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The Persuasion Filter Looks at Torture. Does it Work?

    If I ever get captured and threatened with torture it will take about five seconds for me to give up every secret I have. That’s because I know I would break eventually, so why put up with unnecessary torture?

    I assume the same is true for the lightly-trained ISIS fighters. Some are just teenagers. Once the bravery-inducing drugs in their system wear off, I have to assume that at least some of them – if not most – would become quite flexible under the threat of torture, not to mention the torture itself.

    But won’t they lie?

    Well, in many cases the secrets they reveal under torture can be easily checked. If they tell you ISIS has a munitions storage area somewhere, you can go check it out. If they tell you there are ISIS troops massing somewhere, you can fly a drone over and take a look. 

    And if you learn that the prisoner lied? More torture, I assume, and probably worse than the first time. So lying about things that can be verified is a bad strategy for a captive.

    Some things can’t be verified. But sometimes you have two prisoners. See if their stories match up. That would help.

    My point is that common sense, combined with everything you know about human beings, tells you that torture works, at least in some cases. It would work on me. It would work on you. It would certainly work on under-trained ISIS prisoners. 

    So why do the experts say torture doesn’t work? 

    The answer can be found in the Persuasion Filter. Torture is persuasion, but so is the way you talk about it. If you promote me to the rank of General, put me on television, and ask me if torture works, do you know what I’ll say?

    I’ll say it doesn’t work. 

    I’ll say I can get more cooperation by being nice. I will look you in the eye and lie my ass off. Because that’s my job.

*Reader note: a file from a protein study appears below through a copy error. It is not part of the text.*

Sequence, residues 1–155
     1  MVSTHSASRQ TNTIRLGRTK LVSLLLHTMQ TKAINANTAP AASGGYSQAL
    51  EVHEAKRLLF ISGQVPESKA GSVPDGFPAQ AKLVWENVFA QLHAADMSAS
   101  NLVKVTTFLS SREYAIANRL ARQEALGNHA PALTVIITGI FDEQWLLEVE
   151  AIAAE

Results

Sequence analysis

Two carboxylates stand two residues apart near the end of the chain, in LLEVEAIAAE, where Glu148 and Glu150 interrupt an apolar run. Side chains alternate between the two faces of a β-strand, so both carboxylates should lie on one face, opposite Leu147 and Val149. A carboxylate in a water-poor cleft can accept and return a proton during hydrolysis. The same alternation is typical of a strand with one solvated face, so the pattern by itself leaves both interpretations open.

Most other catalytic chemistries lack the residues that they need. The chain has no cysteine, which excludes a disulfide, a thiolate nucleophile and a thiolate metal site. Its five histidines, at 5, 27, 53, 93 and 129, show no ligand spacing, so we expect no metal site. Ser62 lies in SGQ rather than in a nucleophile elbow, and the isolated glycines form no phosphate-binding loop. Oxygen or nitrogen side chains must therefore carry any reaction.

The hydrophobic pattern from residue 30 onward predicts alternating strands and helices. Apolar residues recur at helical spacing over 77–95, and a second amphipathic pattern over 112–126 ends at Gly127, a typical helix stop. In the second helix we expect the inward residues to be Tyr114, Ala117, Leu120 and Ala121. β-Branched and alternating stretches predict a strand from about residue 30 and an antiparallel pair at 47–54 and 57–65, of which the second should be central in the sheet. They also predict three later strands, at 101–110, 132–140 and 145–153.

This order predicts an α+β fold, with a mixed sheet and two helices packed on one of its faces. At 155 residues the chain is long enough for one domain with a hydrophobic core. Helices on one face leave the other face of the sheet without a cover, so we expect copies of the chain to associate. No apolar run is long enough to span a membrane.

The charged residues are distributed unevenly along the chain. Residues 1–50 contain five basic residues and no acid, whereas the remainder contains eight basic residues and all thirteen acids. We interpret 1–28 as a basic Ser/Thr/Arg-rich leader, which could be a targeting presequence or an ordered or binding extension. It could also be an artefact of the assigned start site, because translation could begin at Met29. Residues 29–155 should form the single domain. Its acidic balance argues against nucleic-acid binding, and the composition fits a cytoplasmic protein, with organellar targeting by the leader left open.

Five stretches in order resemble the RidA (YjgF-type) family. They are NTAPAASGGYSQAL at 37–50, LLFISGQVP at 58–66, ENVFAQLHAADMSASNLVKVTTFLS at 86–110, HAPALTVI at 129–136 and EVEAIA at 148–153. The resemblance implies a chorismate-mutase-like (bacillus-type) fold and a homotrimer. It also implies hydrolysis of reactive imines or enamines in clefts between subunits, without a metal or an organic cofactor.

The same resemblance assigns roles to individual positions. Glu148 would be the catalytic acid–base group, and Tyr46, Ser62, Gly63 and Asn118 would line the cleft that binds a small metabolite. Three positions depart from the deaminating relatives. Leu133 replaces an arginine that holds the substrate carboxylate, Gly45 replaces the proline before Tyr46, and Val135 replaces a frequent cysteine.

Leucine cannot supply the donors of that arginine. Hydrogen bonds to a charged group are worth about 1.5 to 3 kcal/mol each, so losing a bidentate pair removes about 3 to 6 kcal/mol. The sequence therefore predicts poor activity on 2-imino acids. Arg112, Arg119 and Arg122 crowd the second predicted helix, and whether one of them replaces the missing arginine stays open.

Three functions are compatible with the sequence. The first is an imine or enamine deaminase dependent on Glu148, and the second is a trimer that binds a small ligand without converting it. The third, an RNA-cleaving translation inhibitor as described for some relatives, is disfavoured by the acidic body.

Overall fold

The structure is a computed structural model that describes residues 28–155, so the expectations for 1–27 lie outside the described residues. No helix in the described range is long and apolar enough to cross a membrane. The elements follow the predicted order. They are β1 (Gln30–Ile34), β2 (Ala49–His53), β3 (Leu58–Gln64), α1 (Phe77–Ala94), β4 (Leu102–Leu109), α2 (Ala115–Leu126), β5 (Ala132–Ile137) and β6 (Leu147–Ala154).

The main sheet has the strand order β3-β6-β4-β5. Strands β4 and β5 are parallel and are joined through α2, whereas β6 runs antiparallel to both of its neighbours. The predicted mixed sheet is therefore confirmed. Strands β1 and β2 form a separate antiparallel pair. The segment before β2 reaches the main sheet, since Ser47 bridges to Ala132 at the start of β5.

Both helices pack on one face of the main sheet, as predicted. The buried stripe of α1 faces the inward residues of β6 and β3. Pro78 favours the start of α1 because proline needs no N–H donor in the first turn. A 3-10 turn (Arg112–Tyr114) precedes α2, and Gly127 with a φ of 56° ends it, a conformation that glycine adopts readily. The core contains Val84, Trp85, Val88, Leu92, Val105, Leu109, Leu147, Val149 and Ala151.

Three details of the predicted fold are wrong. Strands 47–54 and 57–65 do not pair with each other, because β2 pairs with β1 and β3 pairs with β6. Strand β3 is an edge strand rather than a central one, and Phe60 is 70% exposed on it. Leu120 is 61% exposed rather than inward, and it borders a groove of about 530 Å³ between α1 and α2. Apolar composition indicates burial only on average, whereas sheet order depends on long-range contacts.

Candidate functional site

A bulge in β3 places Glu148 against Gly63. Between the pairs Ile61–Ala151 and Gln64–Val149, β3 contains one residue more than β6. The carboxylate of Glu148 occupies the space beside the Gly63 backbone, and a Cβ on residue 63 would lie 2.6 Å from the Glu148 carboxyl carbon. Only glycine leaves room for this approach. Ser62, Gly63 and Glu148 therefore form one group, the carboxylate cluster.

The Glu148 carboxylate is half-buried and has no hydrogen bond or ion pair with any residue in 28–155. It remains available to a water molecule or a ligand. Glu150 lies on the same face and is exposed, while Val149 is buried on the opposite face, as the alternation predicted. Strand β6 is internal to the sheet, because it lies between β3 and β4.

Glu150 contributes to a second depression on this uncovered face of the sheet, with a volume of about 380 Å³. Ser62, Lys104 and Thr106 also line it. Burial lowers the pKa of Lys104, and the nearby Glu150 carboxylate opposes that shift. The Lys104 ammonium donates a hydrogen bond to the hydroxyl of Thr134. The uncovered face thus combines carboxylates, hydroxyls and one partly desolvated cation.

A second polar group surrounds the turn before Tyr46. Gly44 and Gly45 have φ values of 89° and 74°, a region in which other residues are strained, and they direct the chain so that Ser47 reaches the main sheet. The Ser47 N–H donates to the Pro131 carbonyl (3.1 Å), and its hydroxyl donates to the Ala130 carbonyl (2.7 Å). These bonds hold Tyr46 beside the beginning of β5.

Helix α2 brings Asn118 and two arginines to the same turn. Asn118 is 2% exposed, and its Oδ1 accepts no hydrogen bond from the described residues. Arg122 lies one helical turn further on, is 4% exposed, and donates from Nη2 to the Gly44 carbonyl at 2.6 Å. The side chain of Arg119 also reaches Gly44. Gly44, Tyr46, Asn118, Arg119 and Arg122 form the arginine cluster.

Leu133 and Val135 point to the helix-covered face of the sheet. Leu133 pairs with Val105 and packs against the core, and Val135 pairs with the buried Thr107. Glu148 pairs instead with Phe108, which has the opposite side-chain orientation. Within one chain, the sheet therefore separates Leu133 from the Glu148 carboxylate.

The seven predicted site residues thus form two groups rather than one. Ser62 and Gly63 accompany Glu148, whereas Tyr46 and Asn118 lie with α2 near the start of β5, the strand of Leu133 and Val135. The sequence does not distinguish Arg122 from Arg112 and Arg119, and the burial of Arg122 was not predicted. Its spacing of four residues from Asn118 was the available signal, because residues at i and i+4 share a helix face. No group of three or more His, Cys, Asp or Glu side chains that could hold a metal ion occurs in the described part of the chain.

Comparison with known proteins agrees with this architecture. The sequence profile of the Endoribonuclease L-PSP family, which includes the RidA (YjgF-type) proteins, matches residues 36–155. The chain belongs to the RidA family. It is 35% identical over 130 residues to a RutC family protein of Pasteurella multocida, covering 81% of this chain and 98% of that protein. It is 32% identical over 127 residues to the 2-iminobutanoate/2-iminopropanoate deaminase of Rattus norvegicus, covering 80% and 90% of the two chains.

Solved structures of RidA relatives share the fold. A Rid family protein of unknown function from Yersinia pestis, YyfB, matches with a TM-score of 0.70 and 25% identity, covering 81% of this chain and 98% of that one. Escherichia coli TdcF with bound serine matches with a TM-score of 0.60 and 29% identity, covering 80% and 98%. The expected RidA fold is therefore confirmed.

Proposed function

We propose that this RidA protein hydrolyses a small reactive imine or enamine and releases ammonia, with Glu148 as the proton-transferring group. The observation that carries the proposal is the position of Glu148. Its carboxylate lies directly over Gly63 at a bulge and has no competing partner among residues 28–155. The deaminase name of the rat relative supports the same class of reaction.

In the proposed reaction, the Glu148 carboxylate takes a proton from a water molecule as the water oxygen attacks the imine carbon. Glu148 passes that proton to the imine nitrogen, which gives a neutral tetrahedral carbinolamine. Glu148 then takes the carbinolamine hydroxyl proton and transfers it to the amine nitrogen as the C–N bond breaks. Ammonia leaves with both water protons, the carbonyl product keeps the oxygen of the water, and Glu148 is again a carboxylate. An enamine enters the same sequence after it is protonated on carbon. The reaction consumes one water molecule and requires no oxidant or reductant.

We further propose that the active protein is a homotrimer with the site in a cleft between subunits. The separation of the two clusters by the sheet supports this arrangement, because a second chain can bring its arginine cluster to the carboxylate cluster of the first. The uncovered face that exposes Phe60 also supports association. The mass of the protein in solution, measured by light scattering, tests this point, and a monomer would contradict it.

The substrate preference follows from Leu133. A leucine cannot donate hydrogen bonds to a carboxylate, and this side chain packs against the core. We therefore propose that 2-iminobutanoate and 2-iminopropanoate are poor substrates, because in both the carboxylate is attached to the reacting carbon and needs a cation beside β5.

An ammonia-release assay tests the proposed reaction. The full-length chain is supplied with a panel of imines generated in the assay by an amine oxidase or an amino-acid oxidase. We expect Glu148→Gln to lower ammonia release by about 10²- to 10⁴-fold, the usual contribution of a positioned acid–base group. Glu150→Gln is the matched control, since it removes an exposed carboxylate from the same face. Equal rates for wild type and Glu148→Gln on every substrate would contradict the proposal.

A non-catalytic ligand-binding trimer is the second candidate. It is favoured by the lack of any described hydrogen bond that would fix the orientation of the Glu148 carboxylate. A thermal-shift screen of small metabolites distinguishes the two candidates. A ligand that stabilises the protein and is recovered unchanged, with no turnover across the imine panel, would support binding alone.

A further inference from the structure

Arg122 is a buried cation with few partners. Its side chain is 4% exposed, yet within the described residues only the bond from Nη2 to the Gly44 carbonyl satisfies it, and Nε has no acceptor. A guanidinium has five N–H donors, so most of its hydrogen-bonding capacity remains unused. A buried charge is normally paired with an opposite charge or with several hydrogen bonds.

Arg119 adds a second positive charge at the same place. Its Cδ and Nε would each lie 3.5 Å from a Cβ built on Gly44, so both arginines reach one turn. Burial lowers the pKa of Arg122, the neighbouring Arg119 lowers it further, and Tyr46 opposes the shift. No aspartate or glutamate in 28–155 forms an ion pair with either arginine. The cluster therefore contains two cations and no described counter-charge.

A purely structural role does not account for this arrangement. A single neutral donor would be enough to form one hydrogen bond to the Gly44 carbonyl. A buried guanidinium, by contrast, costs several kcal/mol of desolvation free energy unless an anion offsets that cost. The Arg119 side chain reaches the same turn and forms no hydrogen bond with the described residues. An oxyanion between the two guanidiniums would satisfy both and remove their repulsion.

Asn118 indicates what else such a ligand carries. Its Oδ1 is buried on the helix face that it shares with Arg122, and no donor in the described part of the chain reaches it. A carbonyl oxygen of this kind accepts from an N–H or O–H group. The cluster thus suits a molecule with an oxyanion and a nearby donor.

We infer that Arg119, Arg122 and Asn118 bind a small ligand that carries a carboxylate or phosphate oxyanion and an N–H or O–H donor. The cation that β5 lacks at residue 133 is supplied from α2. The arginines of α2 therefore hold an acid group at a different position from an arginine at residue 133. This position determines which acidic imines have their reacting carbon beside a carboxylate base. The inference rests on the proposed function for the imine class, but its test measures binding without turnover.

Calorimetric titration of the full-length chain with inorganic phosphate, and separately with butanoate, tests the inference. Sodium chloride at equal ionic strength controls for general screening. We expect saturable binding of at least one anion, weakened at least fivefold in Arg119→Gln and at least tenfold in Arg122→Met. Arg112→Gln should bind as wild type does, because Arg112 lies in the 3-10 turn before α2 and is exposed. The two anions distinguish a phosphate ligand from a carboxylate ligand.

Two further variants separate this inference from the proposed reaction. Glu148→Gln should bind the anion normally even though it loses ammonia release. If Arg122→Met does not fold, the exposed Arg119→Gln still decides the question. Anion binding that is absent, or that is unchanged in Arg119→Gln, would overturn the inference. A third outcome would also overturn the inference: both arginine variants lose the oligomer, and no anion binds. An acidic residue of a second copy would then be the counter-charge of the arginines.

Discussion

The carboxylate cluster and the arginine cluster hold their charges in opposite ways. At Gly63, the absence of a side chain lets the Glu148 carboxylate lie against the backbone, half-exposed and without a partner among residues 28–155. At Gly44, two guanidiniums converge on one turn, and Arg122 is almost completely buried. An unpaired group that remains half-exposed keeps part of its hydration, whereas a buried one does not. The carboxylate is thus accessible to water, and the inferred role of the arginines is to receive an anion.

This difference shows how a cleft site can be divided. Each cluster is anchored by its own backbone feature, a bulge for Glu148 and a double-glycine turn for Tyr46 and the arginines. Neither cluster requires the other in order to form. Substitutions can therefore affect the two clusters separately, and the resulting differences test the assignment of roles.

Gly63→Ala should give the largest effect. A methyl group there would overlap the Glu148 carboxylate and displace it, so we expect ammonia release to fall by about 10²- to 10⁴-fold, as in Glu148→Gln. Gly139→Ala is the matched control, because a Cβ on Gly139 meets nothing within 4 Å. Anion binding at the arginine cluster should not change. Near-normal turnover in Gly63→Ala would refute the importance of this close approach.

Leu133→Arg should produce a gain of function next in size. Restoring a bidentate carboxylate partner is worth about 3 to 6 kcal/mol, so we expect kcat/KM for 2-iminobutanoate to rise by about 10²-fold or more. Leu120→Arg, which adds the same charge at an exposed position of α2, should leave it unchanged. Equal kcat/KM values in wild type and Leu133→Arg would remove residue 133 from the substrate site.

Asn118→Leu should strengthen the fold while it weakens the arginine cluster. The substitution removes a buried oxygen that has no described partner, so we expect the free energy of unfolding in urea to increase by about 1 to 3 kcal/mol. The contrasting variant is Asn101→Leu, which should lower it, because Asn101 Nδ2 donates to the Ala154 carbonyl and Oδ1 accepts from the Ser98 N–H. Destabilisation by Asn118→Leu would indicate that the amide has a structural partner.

As a military General, my job is to keep my troops safe. So I will lie about the effectiveness of torture for several reasons: 

    1) An enemy might someday capture my troops. I don’t want the enemy to think torture is a practical option.

    2) I don’t want the enemy to know their captured soldiers will be giving up their secrets to my side in under five seconds.

    3) I don’t want to tarnish the brand of the United States or the military by associating it with torture.

    4) I don’t want to go to jail. Torture is illegal.

    So the ideal approach for an “expert” on torture is to say in public that it never works while finding ways to skirt the law and use it anyway when needed. Waterboarding, for example, was an attempt to stay legal while still “torturing.” 

    Keep in mind that for every “expert” on television that says torture never works, there are lots of “experts” around the world using the method every day. I doubt they would use if it it NEVER worked. After all, they are the experts.

    This brings us to President Trump. He says with surprising candor that he believes torture works but will follow the recommendation of his generals who say it doesn’t.

    Interpretation: Torture works. The generals know it. We’ll find a way to do it if necessary to keep the country safe. You don’t want to know the details.

    We like to believe that experts are more credible than non-experts. And President Trump is no expert on torture. But keep in mind that President Trump is a Master Persuader who can detect bullshit faster than normal people. 

    You might even call him an expert at detecting bullshit. 

    When President Trump presents something as fact, the odds are high that it is hyperbole or just persuasion. You don’t want to assume his facts are literally true, although they are usually emotionally or directionally true.

    But if President Trump – The Master Persuader – tells you someone else’s facts are bullshit, you can usually take that to the bank. The man knows bullshit when he sees it. And with his skillset he can also smell it coming from miles away.

    On an unrelated topic, when you see President Trump disagreeing with the experts on climate change, you assume he has no credibility. He’s not an expert in the field. But he does know bullshit when he sees it. And I think he believes the prediction models are unlikely to be accurate. (As do I.) The prediction models are not science, per se. They are persuasion disguised as science via the process of conflation and association. And Trump knows persuasion.

    Trump could be completely wrong about climate change. So could I. But when the Master Persuader calls bullshit on something, be cautious about betting against him. 

    Scott Adams

    Co-founder of WhenHub

    Author of How to Fail at Almost Everything and Still Win Big

Best Arguments For and Against Climate Model Credibility

    Below are competing links on the credibility of climate change models. One makes the case that the models do a good job. The other makes a case that the models are not credible. See which one you find more persuasive.